Posted on 19 Feb, 2015 by John Mayes

outsourcing electronics assemblyWhen an electronics manufacturing services (EMS) company takes on the production role for a customer there are a number of areas where problems can arise.

However, regardless of the scope of the project - from producing one or more PCB assemblies (PCBA) or a ‘box build’ product assembly, for instance, right through to a complete transition of end-to-end manufacturing processes - there are a number of proven approaches that can help eliminate surprises that could otherwise catch out the unwary.

Remember, we are talking about outsourcing here not ‘out-sorcery’ - it’s not magic, it just needs experience, planning and a consistent, proven approach to ensure a smooth transition. With that in mind, this blog post will look at three key elements which exist within the outsourcing electronics assembly process, and explain how it is possible to eliminate concerns relating to these for anyone embarking on an outsourcing strategy for the first time.

1. Transferring local knowledge

Firstly, what do we mean by the term local knowledge? Well, in truth, this is the in-depth understanding of how your products are produced, built up over time by members of your production team; in a surprising number of cases, the learning which has evolved from this incremental process can be quite different to that which is stated in the documentation and manufacturing build packs you have created. By working on your products month-in-month-out, your production staff will have developed a comprehensive knowledge of how they go together, and this may well include tweaks and process improvements that, for whatever reason, have not been documented.

Contract Electronics Manufacturing companies (CEMs) are used to unearthing these ‘undocumented processes’. Over time, they will have developed various techniques to identify anomalies during any handover period, which will include talking to your production staff, observing and auditing production builds and checking ‘Golden Sample' units against your existing documentation.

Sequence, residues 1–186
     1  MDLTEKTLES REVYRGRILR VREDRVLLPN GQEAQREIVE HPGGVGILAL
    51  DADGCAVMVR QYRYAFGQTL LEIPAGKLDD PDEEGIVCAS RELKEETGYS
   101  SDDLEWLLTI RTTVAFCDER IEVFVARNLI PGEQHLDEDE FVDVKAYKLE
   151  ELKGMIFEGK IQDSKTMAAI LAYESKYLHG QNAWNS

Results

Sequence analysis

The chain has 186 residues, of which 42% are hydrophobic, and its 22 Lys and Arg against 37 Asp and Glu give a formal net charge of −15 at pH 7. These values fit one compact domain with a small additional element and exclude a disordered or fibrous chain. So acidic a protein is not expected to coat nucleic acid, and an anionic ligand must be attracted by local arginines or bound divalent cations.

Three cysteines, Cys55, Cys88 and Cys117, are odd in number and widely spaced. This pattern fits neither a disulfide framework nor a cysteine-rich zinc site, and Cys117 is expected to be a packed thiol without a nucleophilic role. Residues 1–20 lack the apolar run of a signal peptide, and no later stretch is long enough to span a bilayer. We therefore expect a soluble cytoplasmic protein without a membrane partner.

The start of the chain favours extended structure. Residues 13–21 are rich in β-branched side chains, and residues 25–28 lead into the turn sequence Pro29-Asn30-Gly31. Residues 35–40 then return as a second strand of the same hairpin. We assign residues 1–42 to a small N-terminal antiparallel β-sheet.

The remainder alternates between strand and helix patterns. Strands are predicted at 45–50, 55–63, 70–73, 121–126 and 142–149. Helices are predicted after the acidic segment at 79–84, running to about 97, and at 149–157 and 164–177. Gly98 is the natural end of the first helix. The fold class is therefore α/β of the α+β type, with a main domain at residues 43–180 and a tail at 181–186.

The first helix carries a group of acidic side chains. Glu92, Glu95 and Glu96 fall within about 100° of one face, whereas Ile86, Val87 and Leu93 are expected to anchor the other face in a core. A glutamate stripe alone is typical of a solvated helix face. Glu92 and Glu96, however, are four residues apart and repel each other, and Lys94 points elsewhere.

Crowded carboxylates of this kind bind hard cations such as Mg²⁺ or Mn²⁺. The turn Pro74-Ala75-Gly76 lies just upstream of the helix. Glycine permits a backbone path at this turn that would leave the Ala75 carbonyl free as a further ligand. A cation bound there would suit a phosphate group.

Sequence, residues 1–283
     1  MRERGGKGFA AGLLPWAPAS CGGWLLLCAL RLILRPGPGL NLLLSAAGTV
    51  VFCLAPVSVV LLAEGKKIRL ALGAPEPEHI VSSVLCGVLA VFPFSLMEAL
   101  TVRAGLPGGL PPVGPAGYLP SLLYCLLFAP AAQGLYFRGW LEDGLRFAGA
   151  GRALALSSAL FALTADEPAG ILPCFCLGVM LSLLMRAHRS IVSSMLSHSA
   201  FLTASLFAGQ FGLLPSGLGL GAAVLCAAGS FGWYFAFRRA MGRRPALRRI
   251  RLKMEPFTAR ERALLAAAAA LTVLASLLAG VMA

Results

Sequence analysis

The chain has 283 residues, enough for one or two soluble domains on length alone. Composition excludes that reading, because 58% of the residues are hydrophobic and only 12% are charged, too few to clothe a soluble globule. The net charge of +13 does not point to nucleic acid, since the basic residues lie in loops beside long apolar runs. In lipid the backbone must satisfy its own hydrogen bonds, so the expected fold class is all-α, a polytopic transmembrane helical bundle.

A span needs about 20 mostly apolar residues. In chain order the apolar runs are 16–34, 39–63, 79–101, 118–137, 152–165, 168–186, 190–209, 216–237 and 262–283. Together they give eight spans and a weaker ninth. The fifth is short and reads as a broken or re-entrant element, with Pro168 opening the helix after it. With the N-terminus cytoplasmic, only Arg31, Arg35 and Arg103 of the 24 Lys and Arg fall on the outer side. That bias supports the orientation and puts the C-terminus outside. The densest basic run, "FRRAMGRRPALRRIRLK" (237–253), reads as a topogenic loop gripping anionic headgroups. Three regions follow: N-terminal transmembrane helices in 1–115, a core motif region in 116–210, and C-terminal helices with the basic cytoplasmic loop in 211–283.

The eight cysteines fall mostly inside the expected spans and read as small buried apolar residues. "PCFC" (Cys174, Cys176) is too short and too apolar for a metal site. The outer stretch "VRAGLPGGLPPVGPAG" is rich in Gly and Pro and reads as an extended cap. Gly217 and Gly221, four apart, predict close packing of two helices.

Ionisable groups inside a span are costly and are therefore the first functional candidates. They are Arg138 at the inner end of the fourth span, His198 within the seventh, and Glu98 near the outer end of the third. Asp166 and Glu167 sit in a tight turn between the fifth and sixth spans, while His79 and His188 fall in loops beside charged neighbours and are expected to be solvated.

Following on from this, as part of taking over the responsibility for producing your PCB or product assembly, a good CEM provider will then review what should be added to their own build packs (i.e. not all of these ad-hoc adaptations may lead to build efficiencies) and ensure that any future design changes and/or improvements are checked and fully documented on your behalf.

2. Hitting the ground running

During the earlier stages, it’s important to avoid the temptation to change a number of processes straightaway. This applies to all outsourcing projects, but is particularly critical if your requirement is for total outsourcing, in other words, where there is to be a transition of end-to-end processes from supply chain and manufacturing operations, through to test, repair & distribution.

Different EMS companies will, no doubt, have different approaches, but many will endeavour to break projects down into key phases. In the first phase, your preferred assembly partner should look to take over your procurement, manufacturing activities and repairs using your existing supply chain model and operating procedures. Key to the success of this stage is to minimise the degree of change. The fewer changes made at this early stage, the fewer variables the transition teams (within both organisations) have to manage. Security of supply is the overriding aim here.